Keeping looking for that balance. Keep and fighting for what is right. Continue to pick up the pebbles one by one and place them in the silver trays of Æquitas. Maybe this one is a little too heavy. Maybe next time we need to place two on the side that has been neglected. By so doing you bring Astraea back again. You express that immortal quality that holds us all together.
Editor’s Note: This article was commissioned to represent the character strength of Fairness in the book, Character Strengths Matter.
Haidt, J. (2012). The Righteous Mind: Why good people are divided by politics and religion. New York: Pantheon.
de Waals, F. (2011). Moral behavior in animals. TED Talk. The discussion of capuchin monkeys and fairness around equal pay for equal work (grapes vaued more than cucumber) occurs around minute mark 12:30, followed by a discussion of chimpanzees who will actually refuse the grape unless the partner also gets one.
Aristotle (1925, 2009). The Nicomachean Ethics (Oxford World’s Classics). Trans. Sir David Ross. London: Oxford University Press.
Lounsbury, J. W., Fisher, L. A., Levy, J. J., & Welsh, D. P. (2009). Investigation of character strengths in relation to the academic success of college students. Individual Differences Research, 7 (1), 52-69.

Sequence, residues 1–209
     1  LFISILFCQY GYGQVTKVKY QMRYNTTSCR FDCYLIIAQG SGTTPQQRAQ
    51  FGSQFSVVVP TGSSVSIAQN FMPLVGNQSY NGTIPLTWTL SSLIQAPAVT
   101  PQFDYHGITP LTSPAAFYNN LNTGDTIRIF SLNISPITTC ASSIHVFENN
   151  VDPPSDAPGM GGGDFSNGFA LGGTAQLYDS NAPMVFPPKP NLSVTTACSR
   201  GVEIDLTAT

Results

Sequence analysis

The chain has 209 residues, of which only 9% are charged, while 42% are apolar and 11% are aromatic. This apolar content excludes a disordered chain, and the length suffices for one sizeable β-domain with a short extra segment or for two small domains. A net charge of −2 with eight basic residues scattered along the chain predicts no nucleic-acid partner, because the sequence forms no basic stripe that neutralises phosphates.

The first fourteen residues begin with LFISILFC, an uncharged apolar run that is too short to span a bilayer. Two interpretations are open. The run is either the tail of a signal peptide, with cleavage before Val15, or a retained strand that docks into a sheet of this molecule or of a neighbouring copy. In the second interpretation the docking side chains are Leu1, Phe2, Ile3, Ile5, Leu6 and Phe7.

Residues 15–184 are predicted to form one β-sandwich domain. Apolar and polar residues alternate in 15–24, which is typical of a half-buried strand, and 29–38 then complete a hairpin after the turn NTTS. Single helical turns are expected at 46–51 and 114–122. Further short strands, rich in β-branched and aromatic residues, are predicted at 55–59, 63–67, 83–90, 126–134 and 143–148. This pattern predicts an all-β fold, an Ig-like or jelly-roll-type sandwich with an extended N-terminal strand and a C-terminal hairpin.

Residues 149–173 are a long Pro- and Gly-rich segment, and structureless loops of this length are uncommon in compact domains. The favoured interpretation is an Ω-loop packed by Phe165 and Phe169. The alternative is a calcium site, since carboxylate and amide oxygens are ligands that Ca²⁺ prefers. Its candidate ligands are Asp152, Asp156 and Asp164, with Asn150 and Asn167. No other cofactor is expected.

Money, K., Hillenbrand, C., & Camara, N. D. (2008). Putting positive psychology to work in organizations. Journal of General Management, 34 (2), 21-26. Abstract.
National Geographic documentary (2008). Stress: Portrait of a Killer, featuring Robert Sapolsky. Youtube.
Park, N., Peterson, C., & Seligman, M. E. P. (2006) Character strengths in fifty-four nations and the fifty US states. Journal of Positive Psychology, 1 (3), 118-129.
Park, N., & Peterson, C. (2009). Strengths of character in schools. In R. Gilman, E. S. Huebner, & M. J. Furlong (Eds.), Handbook of Positive Psychology in Schools (pp. 65-76). Routledge.
Park, N., & Peterson, C. (2008). Positive psychology and character strengths: Application to strengths-based school counseling. Professional School Counseling, 12 (2), 85-9An2. Abstract.
Peterson, C. & Seligman, M. (2004). Character strengths and virtues: A handbook and classification. Oxford: Oxford University Press.
Rashid, T., Anjum, A., Lennox, C., Denise Quinlan, D., Niemiec, R. M., Mayerson, D., & Kazemi, F. (2013). Assessment of character strengths in children and adolescents. In C. Proctor and P.A. Linley (eds.),
Research, Applications, and Interventions for Children and Adolescents: A Positive Psychology Perspective. Springer.
Vaillant, G. (2003). Aging Well: Surprising Guideposts to a Happier Life from the Landmark Harvard Study of Adult Development. New York: Little Brown.
VIA Strengths Survey for Children. After logging in, go to the questionnaires page. Select the VIA Strength Survey for children, which is appropriate for people from 10 to 17 years old.
Photo Credit: via Compfight with Creative Commons licenses
An argument between parent and child? courtesy of Brainedge
Grooming baboons courtesy of patries71
Goddess with scales courtesy of RaeAllen
Troublemakers? courtesy of Scott McLeod